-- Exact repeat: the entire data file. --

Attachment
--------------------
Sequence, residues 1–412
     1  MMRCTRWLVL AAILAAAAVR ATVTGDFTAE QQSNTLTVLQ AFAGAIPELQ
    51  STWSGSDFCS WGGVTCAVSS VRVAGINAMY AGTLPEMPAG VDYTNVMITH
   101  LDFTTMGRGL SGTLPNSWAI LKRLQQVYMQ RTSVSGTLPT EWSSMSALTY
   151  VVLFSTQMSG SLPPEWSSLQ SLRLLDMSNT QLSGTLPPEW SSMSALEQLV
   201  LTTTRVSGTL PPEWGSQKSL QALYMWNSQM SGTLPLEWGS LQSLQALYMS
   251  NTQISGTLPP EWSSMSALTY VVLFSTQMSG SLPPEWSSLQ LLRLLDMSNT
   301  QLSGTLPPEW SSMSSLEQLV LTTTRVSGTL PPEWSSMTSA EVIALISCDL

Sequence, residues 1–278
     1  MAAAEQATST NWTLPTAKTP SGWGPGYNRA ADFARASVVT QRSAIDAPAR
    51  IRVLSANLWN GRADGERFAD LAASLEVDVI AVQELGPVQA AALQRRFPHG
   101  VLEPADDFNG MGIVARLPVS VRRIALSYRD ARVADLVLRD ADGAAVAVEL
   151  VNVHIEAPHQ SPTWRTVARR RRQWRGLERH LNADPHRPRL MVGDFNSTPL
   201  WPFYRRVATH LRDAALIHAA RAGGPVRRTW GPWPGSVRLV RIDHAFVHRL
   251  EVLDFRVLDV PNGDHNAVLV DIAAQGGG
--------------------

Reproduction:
Sequence, residues 1–412
     1  MMRCTRWLVL AAILAAAAVR ATVTGDFTAE QQSNTLTVLQ AFAGAIPELQ
    51  STWSGSDFCS WGGVTCAVSS VRVAGINAMY AGTLPEMPAG VDYTNVMITH
   101  LDFTTMGRGL SGTLPNSWAI LKRLQQVYMQ RTSVSGTLPT EWSSMSALTY
   151  VVLFSTQMSG SLPPEWSSLQ SLRLLDMSNT QLSGTLPPEW SSMSALEQLV
   201  LTTTRVSGTL PPEWGSQKSL QALYMWNSQM SGTLPLEWGS LQSLQALYMS
   251  NTQISGTLPP EWSSMSALTY VVLFSTQMSG SLPPEWSSLQ LLRLLDMSNT
   301  QLSGTLPPEW SSMSSLEQLV LTTTRVSGTL PPEWSSMTSA EVIALISCDL

Sequence, residues 1–278
     1  MAAAEQATST NWTLPTAKTP SGWGPGYNRA ADFARASVVT QRSAIDAPAR
    51  IRVLSANLWN GRADGERFAD LAASLEVDVI AVQELGPVQA AALQRRFPHG
   101  VLEPADDFNG MGIVARLPVS VRRIALSYRD ARVADLVLRD ADGAAVAVEL
   151  VNVHIEAPHQ SPTWRTVARR RRQWRGLERH LNADPHRPRL MVGDFNSTPL
   201  WPFYRRVATH LRDAALIHAA RAGGPVRRTW GPWPGSVRLV RIDHAFVHRL
   251  EVLDFRVLDV PNGDHNAVLV DIAAQGGG